Tuesday Top Ten: Video Game Controllers


It’s that time again—time for another Tuesday Top Ten!  Yesterday, we discussed video game controllers, taking a look at a few of them while discussing how much technological skill goes into the design of one.  It follows rather naturally, then, that today we count down the top ten controllers.

There have been a lot of game pads.  The number of first-party game pads alone is staggering, but then you add third-party pads into it—the number becomes fearsome.  Still, some stand out as being interesting, exceptional, or simply wonderfully accessible.  That last is especially important; we don’t really think about our game pads very much—until we get one that’s cumbersome.  Then we can’t help but think about it, and the things we think are generally less than polite.

With that in mind, let’s get this week’s list started with…

10. MadCatz RetroCON
I hesitate to put this on the list; I’m not usually a fan of third-party hardware, but there’s just something incredibly neat about this controller.  It has every bit of PlayStation 2 functionality crammed into a game pad about the size of the controller for the original Nintendo Entertainment System.

The surprising thing is that by an large, everything worked—mostly.  The shoulder buttons, though moved from their “upper” and “lower” positions to “inner” and “outer”, worked well.  The face buttons as well; they were calibrated nicely as well, and the same could be said of the analog sticks.  The problem was the D-pad.  You had to exert more pressure to get the same response, which made it difficult to use for games that demanded quick responses.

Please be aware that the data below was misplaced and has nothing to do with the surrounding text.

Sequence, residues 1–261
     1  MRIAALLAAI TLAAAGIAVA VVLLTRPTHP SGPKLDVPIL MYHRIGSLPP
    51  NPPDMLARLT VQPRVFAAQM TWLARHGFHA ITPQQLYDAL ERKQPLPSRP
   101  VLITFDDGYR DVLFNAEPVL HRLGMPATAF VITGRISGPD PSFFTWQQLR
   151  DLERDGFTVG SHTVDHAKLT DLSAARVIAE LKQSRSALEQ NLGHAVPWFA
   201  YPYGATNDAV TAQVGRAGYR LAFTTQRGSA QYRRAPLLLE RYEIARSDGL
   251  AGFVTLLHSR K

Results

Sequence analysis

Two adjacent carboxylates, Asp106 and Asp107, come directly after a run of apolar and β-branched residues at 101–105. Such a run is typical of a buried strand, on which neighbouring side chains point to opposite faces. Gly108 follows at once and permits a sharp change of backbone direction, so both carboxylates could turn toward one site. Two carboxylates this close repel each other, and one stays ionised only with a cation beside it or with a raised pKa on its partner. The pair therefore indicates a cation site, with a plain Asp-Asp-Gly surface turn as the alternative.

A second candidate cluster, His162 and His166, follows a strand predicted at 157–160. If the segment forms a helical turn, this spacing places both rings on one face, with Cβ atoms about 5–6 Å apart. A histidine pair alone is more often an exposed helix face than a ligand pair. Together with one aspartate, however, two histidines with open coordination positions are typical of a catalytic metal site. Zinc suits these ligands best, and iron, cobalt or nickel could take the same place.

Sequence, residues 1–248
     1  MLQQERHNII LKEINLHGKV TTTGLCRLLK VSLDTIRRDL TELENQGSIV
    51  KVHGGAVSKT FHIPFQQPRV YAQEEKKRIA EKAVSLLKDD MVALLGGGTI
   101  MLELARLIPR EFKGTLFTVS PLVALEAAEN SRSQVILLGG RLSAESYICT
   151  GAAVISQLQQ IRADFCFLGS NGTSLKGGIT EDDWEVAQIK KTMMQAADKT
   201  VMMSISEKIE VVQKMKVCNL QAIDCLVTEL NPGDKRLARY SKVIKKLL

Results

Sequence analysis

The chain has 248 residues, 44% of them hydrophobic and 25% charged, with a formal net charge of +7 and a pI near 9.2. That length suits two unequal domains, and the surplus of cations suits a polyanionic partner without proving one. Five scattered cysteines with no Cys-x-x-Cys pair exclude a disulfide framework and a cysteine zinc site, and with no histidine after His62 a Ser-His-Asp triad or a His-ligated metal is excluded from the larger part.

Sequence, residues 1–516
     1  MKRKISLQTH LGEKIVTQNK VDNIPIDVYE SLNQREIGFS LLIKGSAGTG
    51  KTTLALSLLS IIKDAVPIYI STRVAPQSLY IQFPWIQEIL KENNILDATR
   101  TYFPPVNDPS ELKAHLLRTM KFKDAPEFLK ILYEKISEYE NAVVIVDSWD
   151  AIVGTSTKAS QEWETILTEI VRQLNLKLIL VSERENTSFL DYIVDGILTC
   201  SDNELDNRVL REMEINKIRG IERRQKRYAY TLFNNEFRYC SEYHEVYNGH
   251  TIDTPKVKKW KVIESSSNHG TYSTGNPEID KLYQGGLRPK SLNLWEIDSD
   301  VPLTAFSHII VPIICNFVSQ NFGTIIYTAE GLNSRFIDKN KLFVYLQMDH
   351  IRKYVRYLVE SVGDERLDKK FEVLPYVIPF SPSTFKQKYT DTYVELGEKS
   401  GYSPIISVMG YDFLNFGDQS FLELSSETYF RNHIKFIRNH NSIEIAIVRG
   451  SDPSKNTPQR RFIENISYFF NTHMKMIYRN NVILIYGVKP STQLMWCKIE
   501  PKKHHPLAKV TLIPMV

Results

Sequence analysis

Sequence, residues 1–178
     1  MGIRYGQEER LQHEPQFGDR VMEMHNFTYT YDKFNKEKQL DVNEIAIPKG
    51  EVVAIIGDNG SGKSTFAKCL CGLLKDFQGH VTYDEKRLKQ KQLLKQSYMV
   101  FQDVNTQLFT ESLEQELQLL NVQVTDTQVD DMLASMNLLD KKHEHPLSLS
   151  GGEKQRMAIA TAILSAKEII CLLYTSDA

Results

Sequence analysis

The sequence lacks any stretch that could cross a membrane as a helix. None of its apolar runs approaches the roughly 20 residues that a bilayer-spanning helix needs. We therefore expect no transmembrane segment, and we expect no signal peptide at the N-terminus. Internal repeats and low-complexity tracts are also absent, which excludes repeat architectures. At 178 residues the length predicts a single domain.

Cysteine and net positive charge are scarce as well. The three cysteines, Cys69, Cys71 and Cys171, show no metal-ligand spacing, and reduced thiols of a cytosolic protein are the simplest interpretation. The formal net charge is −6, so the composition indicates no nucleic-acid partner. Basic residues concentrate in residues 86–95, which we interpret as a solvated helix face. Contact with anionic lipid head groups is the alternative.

Still—that one flaw aside, it’s one of the few third-party pieces of hardware that could be bought with head held high.  It was a solid “throw-back” design that managed to fit everything a gamer could have wanted into such a small package.

09. Virtual Boy Controller
Say what you will about the Virtual Boy itself, but it was an attempt at portable three-dimensional gaming.  The controller fit that attempt perfectly.

It was incredibly comfortable to hold, and the buttons were all within easy reach, as well as making “sense”.  You never really had to think about what button was where.  Aside from the comfort, you could see the grand plans Nintendo had for the Virtual Boy in the controller—the two D-pads were most likely going to be used how we use sticks today—one for movement, one for aiming.

Like the system itself, it was rather ahead of its time, and one can only imagine the games it could have been used for.

08. X-Box 360 Controller
Whether wireless or wired, the controller was otherwise the same.  I have to admit, I wasn’t a fan of even the smaller version of the original X-Box controller, and I wasn’t alone.  Quite a few gamers told Microsoft how little they thought of that controller, and this was their response.